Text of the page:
This protein, which is detected with a simple blood test, may offer not only a useful diagnostic test for MPM, but also a means of monitoring treatment responses. It could also be a method for screening at risk individuals. SMRP is elevated in only 2% of patients with other pleural diseases.

A Commercial SMRP tumor marker assay test kit should be available soon.In a recently published study,serum osteopontin levels were found to be significantly higher in patients with pleural mesothelioma than in patients with exposure to asbestos or those patients who have fibrosis alone. Samples of pleural mesothelioma Immunohistochemical analysis revealed osteopontin staining of the tumor cells in 36 of 38.

This indicates that osteopontin levels may help us in the near future in early diagnoses of patients who have a known history of asbestos exposure.

Despite the ready availability of multiple diagnostic techniques with this neoplasm, a definitive diagnosis of MPM is often delayed due to a low clinical suspicion for this disease.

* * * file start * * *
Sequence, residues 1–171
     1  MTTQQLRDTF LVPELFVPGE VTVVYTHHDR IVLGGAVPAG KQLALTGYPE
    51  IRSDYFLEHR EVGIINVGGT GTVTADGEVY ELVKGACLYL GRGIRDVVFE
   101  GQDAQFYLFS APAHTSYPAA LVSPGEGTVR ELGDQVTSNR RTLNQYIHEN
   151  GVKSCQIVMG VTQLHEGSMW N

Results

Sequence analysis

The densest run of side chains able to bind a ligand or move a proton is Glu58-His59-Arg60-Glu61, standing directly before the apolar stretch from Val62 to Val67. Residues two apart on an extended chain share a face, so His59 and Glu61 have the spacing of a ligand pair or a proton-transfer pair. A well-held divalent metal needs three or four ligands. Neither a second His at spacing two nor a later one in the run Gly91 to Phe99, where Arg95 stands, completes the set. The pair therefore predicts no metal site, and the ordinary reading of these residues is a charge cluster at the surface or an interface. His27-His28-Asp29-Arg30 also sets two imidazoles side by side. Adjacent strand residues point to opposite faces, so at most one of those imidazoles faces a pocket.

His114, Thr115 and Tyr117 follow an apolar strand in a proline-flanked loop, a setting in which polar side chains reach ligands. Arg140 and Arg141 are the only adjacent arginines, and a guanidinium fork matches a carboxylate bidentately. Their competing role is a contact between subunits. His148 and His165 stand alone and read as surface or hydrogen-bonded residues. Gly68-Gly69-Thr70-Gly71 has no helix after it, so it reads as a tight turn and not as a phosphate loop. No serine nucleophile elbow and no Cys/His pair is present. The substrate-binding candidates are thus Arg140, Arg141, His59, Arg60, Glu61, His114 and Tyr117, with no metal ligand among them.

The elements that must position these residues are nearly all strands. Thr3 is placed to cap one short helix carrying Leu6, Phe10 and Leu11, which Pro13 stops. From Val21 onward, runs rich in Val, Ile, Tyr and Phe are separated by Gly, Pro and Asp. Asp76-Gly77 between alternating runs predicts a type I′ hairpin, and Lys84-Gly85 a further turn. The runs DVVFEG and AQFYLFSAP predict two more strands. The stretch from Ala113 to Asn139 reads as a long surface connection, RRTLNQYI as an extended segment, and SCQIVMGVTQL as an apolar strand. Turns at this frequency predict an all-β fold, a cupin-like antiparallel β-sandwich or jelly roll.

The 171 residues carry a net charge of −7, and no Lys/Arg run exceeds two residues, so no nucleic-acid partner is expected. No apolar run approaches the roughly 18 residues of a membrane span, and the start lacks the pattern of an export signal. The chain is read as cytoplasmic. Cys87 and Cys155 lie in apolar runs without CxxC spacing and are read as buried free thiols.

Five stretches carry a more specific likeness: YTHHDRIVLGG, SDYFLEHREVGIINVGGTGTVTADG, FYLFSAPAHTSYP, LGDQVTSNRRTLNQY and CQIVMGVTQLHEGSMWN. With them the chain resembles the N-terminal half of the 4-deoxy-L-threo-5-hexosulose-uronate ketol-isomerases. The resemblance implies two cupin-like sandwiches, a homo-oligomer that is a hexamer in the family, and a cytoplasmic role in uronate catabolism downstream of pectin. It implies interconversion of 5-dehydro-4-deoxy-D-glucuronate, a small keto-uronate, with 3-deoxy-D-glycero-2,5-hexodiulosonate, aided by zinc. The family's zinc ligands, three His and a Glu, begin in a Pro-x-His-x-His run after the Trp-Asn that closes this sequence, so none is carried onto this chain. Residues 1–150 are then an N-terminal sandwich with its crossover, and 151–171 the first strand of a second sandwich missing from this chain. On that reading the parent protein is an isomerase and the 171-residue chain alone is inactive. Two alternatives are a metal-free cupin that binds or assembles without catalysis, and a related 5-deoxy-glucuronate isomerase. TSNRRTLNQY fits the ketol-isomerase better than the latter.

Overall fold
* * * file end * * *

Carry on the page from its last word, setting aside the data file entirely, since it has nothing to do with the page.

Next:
Hence the clinician must have a high index of suspicion, especially in a patient with a history of asbestos exposure who has a pleural effusion or atypical non cardiac chest pain to ensure that a timely diagnosis is made.


Treatment of Mesothelioma

Since none reliably results in cure MPM does not have one widely accepted treatment modality. Moreover, there is a striking lack of randomized, clinical trials comparing treatment regimens in this disease, due in part to the relatively low incidence of this neoplasm. Clinical series generally are either at best phase II trials of one treatment regimen or retrospective reviews of a small number of patients treated over a long period of time. Despite these shortcomings, significant improvements in therapy for MPM offer a ray of hope in this aggressive malignancy.


Malignant mesothelioma continues to be a difficult disease to treat. Maintaining a high index of suspicion may result in an earlier diagnosis and a more successful treatment outcome. The overall outlook for the treatment of this disease has improved with the emergence of newer therapies. Several new agents are currently under active investigation and hold promise to further improve treatment outcomes. Results of currently ongoing clinical trials are anxiously awaited. In fact, survival for patients with MPM is now generally greater than for patients with advanced non-small cell lung cancer. As with any rare disease, referral of the patient to a center with extensive experience and expertise in this disease is recommended to enhance the probability of accruing such patients to clinical trials.